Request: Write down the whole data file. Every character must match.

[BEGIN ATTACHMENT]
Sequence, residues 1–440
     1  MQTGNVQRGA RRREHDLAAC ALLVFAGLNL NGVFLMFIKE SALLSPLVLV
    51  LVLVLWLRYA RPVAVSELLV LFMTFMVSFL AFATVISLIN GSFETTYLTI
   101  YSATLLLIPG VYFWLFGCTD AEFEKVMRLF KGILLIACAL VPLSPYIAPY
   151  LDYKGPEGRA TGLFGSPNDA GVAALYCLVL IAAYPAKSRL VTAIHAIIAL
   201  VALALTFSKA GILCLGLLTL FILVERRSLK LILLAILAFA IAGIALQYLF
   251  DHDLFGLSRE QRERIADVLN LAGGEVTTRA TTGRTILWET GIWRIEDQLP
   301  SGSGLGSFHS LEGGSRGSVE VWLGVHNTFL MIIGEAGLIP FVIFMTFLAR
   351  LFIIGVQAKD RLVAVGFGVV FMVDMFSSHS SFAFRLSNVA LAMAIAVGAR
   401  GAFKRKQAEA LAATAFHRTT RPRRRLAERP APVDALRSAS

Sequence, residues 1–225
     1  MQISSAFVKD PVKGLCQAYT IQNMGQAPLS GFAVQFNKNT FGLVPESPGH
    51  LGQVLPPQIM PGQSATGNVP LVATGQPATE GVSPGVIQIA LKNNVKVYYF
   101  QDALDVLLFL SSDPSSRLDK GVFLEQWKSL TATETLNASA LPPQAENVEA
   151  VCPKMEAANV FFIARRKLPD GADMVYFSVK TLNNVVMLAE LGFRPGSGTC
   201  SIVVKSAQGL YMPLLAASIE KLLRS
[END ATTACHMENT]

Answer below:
Sequence, residues 1–440
     1  MQTGNVQRGA RRREHDLAAC ALLVFAGLNL NGVFLMFIKE SALLSPLVLV
    51  LVLVLWLRYA RPVAVSELLV LFMTFMVSFL AFATVISLIN GSFETTYLTI
   101  YSATLLLIPG VYFWLFGCTD AEFEKVMRLF KGILLIACAL VPLSPYIAPY
   151  LDYKGPEGRA TGLFGSPNDA GVAALYCLVL IAAYPAKSRL VTAIHAIIAL
   201  VALALTFSKA GILCLGLLTL FILVERRSLK LILLAILAFA IAGIALQYLF
   251  DHDLFGLSRE QRERIADVLN LAGGEVTTRA TTGRTILWET GIWRIEDQLP
   301  SGSGLGSFHS LEGGSRGSVE VWLGVHNTFL MIIGEAGLIP FVIFMTFLAR
   351  LFIIGVQAKD RLVAVGFGVV FMVDMFSSHS SFAFRLSNVA LAMAIAVGAR
   401  GAFKRKQAEA LAATAFHRTT RPRRRLAERP APVDALRSAS

Sequence, residues 1–225
     1  MQISSAFVKD PVKGLCQAYT IQNMGQAPLS GFAVQFNKNT FGLVPESPGH
    51  LGQVLPPQIM PGQSATGNVP LVATGQPATE GVSPGVIQIA LKNNVKVYYF
   101  QDALDVLLFL SSDPSSRLDK GVFLEQWKSL TATETLNASA LPPQAENVEA
   151  VCPKMEAANV FFIARRKLPD GADMVYFSVK TLNNVVMLAE LGFRPGSGTC
   201  SIVVKSAQGL YMPLLAASIE KLLRS